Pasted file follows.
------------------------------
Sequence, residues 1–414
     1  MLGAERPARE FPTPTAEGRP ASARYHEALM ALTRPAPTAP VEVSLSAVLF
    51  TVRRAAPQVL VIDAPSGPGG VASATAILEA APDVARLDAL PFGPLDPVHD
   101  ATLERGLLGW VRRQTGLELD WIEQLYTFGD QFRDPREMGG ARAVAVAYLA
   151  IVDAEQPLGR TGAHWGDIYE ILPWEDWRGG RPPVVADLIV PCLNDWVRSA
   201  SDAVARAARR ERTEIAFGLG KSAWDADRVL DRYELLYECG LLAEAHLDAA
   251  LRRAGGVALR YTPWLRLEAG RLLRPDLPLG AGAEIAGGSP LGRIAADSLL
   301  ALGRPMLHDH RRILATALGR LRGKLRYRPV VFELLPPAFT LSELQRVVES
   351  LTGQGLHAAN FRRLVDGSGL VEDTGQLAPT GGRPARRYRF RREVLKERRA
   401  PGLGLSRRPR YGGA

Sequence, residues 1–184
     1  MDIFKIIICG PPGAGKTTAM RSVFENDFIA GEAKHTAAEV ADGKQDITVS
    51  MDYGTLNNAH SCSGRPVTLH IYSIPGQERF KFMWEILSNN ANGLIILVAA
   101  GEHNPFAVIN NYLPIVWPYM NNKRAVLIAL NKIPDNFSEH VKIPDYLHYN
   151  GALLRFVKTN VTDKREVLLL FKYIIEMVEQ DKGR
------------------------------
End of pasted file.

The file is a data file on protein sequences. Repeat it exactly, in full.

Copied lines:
Sequence, residues 1–414
     1  MLGAERPARE FPTPTAEGRP ASARYHEALM ALTRPAPTAP VEVSLSAVLF
    51  TVRRAAPQVL VIDAPSGPGG VASATAILEA APDVARLDAL PFGPLDPVHD
   101  ATLERGLLGW VRRQTGLELD WIEQLYTFGD QFRDPREMGG ARAVAVAYLA
   151  IVDAEQPLGR TGAHWGDIYE ILPWEDWRGG RPPVVADLIV PCLNDWVRSA
   201  SDAVARAARR ERTEIAFGLG KSAWDADRVL DRYELLYECG LLAEAHLDAA
   251  LRRAGGVALR YTPWLRLEAG RLLRPDLPLG AGAEIAGGSP LGRIAADSLL
   301  ALGRPMLHDH RRILATALGR LRGKLRYRPV VFELLPPAFT LSELQRVVES
   351  LTGQGLHAAN FRRLVDGSGL VEDTGQLAPT GGRPARRYRF RREVLKERRA
   401  PGLGLSRRPR YGGA

Sequence, residues 1–184
     1  MDIFKIIICG PPGAGKTTAM RSVFENDFIA GEAKHTAAEV ADGKQDITVS
    51  MDYGTLNNAH SCSGRPVTLH IYSIPGQERF KFMWEILSNN ANGLIILVAA
   101  GEHNPFAVIN NYLPIVWPYM NNKRAVLIAL NKIPDNFSEH VKIPDYLHYN
   151  GALLRFVKTN VTDKREVLLL FKYIIEMVEQ DKGR